Esta semana iniciamos uma série de artigos e entrevistas com os quatro artistas luso-Canadianos que irão expôr no Sem Saudade: Contemporary Art by Canadians of Portuguese Heritage, patente ao público de 18 de Maio a 29 de Junho, 2002 no Cambridge Galleries em Cambridge, Ontario.
Teresa Ascenção nasceu no Brasil. O pai é da Terceira, e a mãe da ilha de Flores, nos Açores. Ela estudou na Universidade de Toronto. Eis a entrevista, seguida de uma descrição do trabalho de Teresa, incluido no programa da exposição, escrita por Anna Camara, directora desta exposição.
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S.P. You were born in Toronto's Little Portugal?
T.A. Actually, it was quite multicultural, including East Indian, Italian, Trinidadian, Jamaican and other families from everywhere. We moved every few years, so I always started new friendships with girls of different cultures. I was always intrigued not only by our similarities but also our differences.
S.P. How has this affected your work?
T.A. I have always been curious about differences, especially differences in culture and sexual identity. These were areas I struggled with since I can remember. I'm currently developing a real love for my heritage, especially through understanding my parents' histories. This is how the current art work developed.
S.P. What will you be presenting at Sem Saudade?
T.A. Generally speaking, I will be showing from my last body of work "Running of the Bulls" and a new body of work "Maria".
S.P. How do these projects fit into your development as an artist?
T.A. Running of the Bulls is a metaphor for Azorean men. I was exploring my father's history by focusing on body language as a method of questioning how the men of my father's generation were socialized. I was interested in male rituals such as soccer, matança do porco, toirada á corda...I use film and photography as the medium for the work, as they are inherently and historically used as tools for documentation. I love the way they can poetically capturing motion and body language.
Conversely, in the Maria series I explore my mother's upbringing through a small comedy series using lenticular printing. We know lenticular prints as those 3D religious post card souvenir images of Jesus or the Virgin Mary. In this work I attempt to break sexual taboos within a Roman Catholic culture such as ours. I use comedy to lighten this heavy issue a little and make the work accessible by using little dolls dressed in Portuguese folklore costumes to play different roles.
S.P. Is Maria an "everywoman" for you?
T.A. I am interested in questioning the repression of women's sexuality. Not that that is all women are about, but because it is one aspect which greatly needs to "come out" in order for women to be healthier and happier. Women need to be proud of their sexuality and sexual desires and society needs to stop seeing woman as impure because she appreciates this beautiful gift. In this work Maria takes on different roles such as widow waiting for her lover or a young woman purely enjoying her own body under the bed covers.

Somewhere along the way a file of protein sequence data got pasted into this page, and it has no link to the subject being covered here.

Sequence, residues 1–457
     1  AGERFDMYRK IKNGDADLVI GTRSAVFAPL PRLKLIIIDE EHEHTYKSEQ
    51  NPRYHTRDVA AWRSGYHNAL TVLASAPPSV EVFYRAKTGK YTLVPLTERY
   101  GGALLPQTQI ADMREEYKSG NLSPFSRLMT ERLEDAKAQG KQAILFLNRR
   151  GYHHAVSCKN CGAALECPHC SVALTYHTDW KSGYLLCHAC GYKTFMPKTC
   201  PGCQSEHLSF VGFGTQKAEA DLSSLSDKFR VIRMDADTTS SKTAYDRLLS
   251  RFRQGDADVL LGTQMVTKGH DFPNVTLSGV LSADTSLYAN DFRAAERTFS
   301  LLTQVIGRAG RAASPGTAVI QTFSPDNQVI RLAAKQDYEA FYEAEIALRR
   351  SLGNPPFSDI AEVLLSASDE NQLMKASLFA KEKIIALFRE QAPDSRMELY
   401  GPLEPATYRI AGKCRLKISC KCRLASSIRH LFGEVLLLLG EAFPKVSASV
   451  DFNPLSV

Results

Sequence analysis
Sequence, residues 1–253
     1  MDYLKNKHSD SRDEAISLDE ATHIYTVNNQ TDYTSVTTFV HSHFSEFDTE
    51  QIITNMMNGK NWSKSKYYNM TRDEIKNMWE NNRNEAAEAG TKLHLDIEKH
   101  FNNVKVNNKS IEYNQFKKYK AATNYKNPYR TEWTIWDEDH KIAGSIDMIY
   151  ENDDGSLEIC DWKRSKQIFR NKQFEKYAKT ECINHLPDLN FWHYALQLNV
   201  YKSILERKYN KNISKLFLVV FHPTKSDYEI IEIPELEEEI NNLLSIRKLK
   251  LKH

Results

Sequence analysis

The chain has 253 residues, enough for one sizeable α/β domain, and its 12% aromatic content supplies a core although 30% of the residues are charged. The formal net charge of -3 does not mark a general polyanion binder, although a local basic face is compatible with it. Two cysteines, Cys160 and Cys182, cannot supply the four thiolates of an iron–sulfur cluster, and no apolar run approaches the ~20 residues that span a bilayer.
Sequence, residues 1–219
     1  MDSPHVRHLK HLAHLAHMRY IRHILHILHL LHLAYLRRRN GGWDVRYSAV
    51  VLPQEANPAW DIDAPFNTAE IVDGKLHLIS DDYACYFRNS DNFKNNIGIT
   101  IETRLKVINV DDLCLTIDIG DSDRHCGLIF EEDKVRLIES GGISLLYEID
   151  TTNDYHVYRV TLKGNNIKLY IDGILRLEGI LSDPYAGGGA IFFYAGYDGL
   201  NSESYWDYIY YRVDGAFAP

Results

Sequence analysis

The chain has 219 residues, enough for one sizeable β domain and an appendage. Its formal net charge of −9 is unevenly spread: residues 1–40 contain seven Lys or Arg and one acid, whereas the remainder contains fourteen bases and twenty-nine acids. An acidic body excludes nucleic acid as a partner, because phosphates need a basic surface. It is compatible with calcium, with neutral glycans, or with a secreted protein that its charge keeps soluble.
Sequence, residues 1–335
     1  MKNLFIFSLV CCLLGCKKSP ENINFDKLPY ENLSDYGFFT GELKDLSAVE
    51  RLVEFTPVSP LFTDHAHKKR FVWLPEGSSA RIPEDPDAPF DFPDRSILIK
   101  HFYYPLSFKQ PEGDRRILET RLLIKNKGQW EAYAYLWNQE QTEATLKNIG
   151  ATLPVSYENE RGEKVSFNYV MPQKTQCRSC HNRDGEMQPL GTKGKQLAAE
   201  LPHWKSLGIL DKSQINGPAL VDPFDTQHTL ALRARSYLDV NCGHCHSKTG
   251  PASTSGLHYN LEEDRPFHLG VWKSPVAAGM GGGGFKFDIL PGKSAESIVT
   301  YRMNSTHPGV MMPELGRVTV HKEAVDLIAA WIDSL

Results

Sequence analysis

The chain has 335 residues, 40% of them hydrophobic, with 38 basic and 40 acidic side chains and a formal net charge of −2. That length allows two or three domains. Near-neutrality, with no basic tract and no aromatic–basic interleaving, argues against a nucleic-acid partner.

S.P. Where are you going from here? In what direction do you see yourself heading, as an artist?
T.A. I feel there will always be social issues which I need to deal with and that photography and film will be the mediums of choice. I'm really attracted to these mediums because of their ability to instantaneously capture images of life and culture. I like the seduction which advertising and cinema has brought to film and photography and the ways which they act like mirrors of society. I'll probably work with social issues within these mediums for a while longer.
Selections from Running of the Bulls (2000) and Maria (2002)
In the fall of 2000, Teresa Ascençao showed her multi-media installation, Running of the Bulls, at the Art System Gallery in Toronto. Running of the Bulls is not about bullfighting but is a metaphor for the culture of machismo and the Portuguese male. Ascençao pursued an understanding of her father in the context of his upbringing, sexuality and transplanted values. The excerpted digital prints called Father form a portrait, in diptych, at either end of the life-changing immigration experience. On the left, shirtless young man - virile and confident - is poised to approach an idealized Toronto cityscape; on the right, an older man takes a suicidal leap from a plane into a rural island landscape below. Portrait of a Young Bullfighter, a 40-second 8mm film loop, explores male body language in the choreographed, slow motion movements of the bullfighter. The loop is interrupted by the static, piercing gaze of a young man that can be read as either..
The series, Maria, is a deliberate counterpart to Running of the Bulls where Ascençao makes use of humour to explore stereotypical and archetypal roles set against the cultish Roman Catholicism that shaped women of her mother’s generation. Choosing to produce lenticular images (also called motion cards and often used in the production of 3-D religious cards and kitsch objects) Ascençao subverts the representation of female ideals - the virtuous widow, the virginal daughter - by staging five tableaux of social/sexual taboos. The Portuguese woman, Maria, is seen to have more dimensions than are revealed by her ubiquitous name and timid public appearance. The worlds that Ascençao creates for Maria in the rooms of her tiny house are pastiches of the lifestyle led by pre-emigrant women - the doll dressed in traditional costume moves about her tidy rooms, employed in unhurried tasks, sensual episodes and courtship rituals. Viewing these scenes, w
Uma das fotografias por Teresa Ascenção